Euro 2012 for Windows Phone
So far so good for England - thanks to Arsenal's Theo Walcott, who I've always…
I’ll be brief. I didn’t see the England versus Germany match because I was watching Lolli’s gymnastics competition (where she picked up a silver medal). I did see the post-match analysis and the obvious talking point was the ‘goal that never was’. I hope that the match officials feel suitably ashamed this morning, and I hope that stubborn old git Sepp “we don’t need video replays” Blatter had a sleepless night. In a game in which the outcome is essentially based on the number of goals scored, making a correct decision of whether a goal has been scored would seem to me to be fairly crucial.
The what-if scenario… if that goal had been given (as it should have been) then England might have gone into half-time at 2-2. That could have changed the second half – when you’re behind and chasing a game it can leave the defence exposed, and the risk is conceding more goals… which is exactly what happened.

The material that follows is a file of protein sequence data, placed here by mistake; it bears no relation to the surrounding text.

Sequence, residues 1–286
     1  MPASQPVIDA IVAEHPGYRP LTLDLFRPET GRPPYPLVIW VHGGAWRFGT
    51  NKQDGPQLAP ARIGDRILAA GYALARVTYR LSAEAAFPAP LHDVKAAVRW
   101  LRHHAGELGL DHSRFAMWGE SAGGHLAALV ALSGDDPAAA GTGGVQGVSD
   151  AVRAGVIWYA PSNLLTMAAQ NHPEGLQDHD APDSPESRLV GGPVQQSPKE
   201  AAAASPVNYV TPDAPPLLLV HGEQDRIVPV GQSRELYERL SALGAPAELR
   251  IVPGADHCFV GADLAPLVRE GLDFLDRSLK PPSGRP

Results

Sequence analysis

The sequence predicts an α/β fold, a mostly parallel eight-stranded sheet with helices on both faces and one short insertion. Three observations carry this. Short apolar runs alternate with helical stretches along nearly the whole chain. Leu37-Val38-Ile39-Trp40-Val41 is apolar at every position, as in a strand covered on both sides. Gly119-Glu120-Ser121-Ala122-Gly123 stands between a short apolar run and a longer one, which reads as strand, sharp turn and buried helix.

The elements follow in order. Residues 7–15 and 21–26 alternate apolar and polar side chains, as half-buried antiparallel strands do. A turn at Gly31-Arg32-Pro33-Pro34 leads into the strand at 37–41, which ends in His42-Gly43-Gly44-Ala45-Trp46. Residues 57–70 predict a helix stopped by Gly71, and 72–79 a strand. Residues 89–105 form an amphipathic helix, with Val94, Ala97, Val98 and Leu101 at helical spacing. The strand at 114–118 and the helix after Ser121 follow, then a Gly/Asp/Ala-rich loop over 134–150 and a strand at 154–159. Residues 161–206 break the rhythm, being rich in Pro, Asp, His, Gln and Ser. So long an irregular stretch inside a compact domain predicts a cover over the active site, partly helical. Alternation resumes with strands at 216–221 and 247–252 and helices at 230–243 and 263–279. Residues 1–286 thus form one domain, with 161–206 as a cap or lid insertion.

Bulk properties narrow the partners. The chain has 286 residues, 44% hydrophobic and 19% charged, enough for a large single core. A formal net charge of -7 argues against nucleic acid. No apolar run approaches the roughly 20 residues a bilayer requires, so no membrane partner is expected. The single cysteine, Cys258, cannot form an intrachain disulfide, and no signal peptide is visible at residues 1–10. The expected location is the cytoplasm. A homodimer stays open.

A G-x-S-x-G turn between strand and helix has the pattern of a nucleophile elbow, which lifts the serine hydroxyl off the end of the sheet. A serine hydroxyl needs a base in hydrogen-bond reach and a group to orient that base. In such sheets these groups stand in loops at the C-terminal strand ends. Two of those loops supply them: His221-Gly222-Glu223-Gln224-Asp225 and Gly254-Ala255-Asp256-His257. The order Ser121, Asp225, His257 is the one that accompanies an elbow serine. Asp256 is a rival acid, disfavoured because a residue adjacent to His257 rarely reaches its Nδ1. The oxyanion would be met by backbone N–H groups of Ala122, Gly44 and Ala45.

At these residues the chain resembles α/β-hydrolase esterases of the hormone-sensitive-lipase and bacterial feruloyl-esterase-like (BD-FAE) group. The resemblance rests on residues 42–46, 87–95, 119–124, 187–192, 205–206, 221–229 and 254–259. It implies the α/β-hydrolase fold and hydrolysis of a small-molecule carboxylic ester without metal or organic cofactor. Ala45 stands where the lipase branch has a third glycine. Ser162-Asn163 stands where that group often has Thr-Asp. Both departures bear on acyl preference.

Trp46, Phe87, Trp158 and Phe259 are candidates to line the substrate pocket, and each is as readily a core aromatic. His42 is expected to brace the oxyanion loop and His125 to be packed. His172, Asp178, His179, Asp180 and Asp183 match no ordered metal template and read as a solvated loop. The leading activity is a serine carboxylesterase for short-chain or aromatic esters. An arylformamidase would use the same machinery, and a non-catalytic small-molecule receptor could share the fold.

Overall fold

However… let’s be honest. We can sulk about that goal and the what-if scenario, but it doesn’t change the fact that England were massively disappointing during the World Cup. Robert Green was the scapegoat after the first match, but show me a goalkeeper who hasn’t made that sort of blunder during his career – poor old Greeny just chose to do it at the most inopportune moment. England’s real problem wasn’t their goalkeeper, it was the fact that they then couldn’t go on and score a couple more against a USA side ranked below England.
After the poor performance against Algeria (ranked twenty-two places below England), it was relief rather than admiration when England beat Slovenia (ranked seventeen places below) by one measly goal. And there you have it… four matches, four goals (if you count the one that wasn’t but should have been). Matthew Upson out-scored Wayne Rooney and Peter Crouch. After the same number of matches Argentina had scored ten goals. That’s how to progress in the World Cup.